Furthermore, we controlled for a set of country-level time-varying factors that may impact smoking, including the socioeconomic and demographic characteristics described in Table 1, such as GDP per capita, per cent of population aged 15–64 and per cent of population aged ≥65.
The benchmark models in this study used EIU cigarette prices as they are collected annually and thus are less likely to contain measurement errors. Nonetheless, cigarette prices for the most popular brand and R score in the MPOWER package were used as alternative price measures to control for the effects of prices. The three measures together encompass average prices across tiers (EIU), modal prices (most popular brand) and the magnitude of taxes (tax as a percentage of prices). Because prices are arguably the most effective tobacco control policy,23 three different specifications with alternative price measures were estimated separately. In specifications with R score as the price measure, the R score was incorporated into the composite MPOWER score. In the specifications using EIU or MPOWER prices, the composite MPOWER scores were calculated by taking off the R scores. Price elasticity was reported using Stata command ‘eyex’, measuring changes of smoking prevalence in response to price changes.
We conducted three sensitivity tests. First, we excluded Australia and Canada from the analysis because POS display bans were initiated at the local level. Second, we excluded the UK from the analysis because the ban in its first years did not cover all types of stores. Last, we excluded Australia, Canada and the UK from the analysis to examine the effect in countries with complete national bans.
The sample size varied depending on what price measure was used in the regression (table 1). For the regressions that used the R score and the most popular price in MPOWER package, the sample consisted of data from 77 countries. For the regression that used the mean price from the EIU data, the sample consisted of data from 59 countries. The average smoking prevalence in all three samples was roughly the same: 24% among the total adult population, 33% among adult males and 15% among adult females. About 12% of country-year observations had a POS display ban in place. The average price per 20-cigarette pack from the EIU data was 5.42 international dollars, a little higher than 4.04 international dollars, the average price for the most popular brand from the MPOWER package. The mean composite MPOWER score was about 20.6, and the mean composite MPOWE scores with R score taken off were 17.2 and 16.7 for the EIU price sample and the MPOWER price sample, respectively.
Smoking prevalence among the total/male/female population decreased as the exposure to a POS display ban increased. A full implementation of a ban reduces smoking prevalence among the total, male and female populations by 7%, 5% and 9%. The composite MPOWER score significantly reduced smoking prevalence among males, as well as in the total population. A greater per cent of population aged 15–64 is associated with increased smoking prevalence among the total and male populations. GDP per capita and per cent of population aged ≥65 are not significantly related to smoking prevalence (table 2).
Having a POS display ban decreased overall adult, male and female smoking by about 7%, 6% and 9%, respectively. Cigarette price significantly reduced smoking prevalence for all populations, with price elasticity being −0.06,–0.06 and −0.08 for total, male and female populations, implying that a 10% increase in cigarette prices would lead to a 0.6%, 0.6% and 0.8% decrease in smoking prevalence among total, male and female populations, respectively (table 3).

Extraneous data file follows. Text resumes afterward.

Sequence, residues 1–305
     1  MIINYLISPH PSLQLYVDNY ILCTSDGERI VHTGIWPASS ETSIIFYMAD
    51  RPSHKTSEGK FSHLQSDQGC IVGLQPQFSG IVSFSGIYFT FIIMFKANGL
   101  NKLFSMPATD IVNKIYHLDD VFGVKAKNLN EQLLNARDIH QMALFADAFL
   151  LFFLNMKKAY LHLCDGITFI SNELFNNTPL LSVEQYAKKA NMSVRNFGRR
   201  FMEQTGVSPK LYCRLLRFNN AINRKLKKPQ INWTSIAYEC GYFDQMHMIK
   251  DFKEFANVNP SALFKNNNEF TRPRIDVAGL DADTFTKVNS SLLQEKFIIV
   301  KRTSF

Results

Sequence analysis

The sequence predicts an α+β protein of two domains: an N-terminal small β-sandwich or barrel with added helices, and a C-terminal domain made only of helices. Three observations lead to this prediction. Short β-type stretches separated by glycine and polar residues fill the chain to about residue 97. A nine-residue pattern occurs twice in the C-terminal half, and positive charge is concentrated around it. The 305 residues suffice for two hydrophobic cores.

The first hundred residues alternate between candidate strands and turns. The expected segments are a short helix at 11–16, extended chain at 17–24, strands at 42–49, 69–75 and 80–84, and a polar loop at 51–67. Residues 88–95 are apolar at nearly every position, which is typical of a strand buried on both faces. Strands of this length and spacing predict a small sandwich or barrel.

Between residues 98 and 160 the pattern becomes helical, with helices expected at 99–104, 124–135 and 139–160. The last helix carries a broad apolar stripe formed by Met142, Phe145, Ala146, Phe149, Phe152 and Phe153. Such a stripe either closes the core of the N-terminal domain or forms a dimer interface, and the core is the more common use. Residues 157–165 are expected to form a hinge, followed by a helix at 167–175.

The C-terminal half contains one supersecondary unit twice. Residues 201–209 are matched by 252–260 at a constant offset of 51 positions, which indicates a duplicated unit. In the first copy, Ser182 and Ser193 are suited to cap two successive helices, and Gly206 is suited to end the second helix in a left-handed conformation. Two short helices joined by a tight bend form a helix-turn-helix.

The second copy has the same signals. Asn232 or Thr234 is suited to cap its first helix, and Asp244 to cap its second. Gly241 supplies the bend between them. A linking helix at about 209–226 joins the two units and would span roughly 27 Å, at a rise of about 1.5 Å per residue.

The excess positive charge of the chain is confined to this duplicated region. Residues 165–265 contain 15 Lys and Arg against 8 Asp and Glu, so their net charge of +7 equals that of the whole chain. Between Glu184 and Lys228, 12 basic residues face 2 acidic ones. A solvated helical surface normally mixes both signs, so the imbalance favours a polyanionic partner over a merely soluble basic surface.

When using cigarette prices for the most popular brand as the price measure, the effect of a POS display ban on smoking prevalence was significant for total, male and female populations. However, the effect of cigarette price on smoking prevalence was only significant for total and male smoking. The implied price elasticities are −0.07,–0.08 and −0.04 for total, male and female smoking, respectively (table 4).
First, when we exclude Australia and Canada from the analysis, we observe an increase in the magnitude of the coefficients for the exposure to a POS display ban, which implied that having a national display ban would have a greater influence on smoking participation. When we exclude the UK from the analysis, the estimates of the exposure to a POS display ban are almost the same as the original analysis. Since the UK instituted the partial POS display ban in April 2012 and the sales revenues realised in large stores from 2012 to 2014 were about 28%, the effect of POS display ban on smoking participation was expected to be small. Thus, the estimates did not change much when excluding the UK from the analysis. When we exclude Australia, Canada and the UK from the analysis, we also observe an increase in the coefficients of the exposure to a POS display ban (table 5).
POS tobacco product displays have been linked to increased purchasing and use of cigarettes, and have been increasingly used by the tobacco industry as a major channel for tobacco product marketing.18 In recent years, a growing number of countries have implemented POS display bans aimed at curbing the impacts of these displays. However, to date, very limited evidence exists on the effectiveness of such bans. This study filled this research gap by estimating the effects of POS display bans on smoking prevalence among adults, using a cross-country comparison between countries with and without such bans. Moreover, as multiple countries implemented POS display bans at different times, we were able to capitalise on this variation to estimate the causal link between POS display bans and smoking prevalence using a two-way fixed effects approach.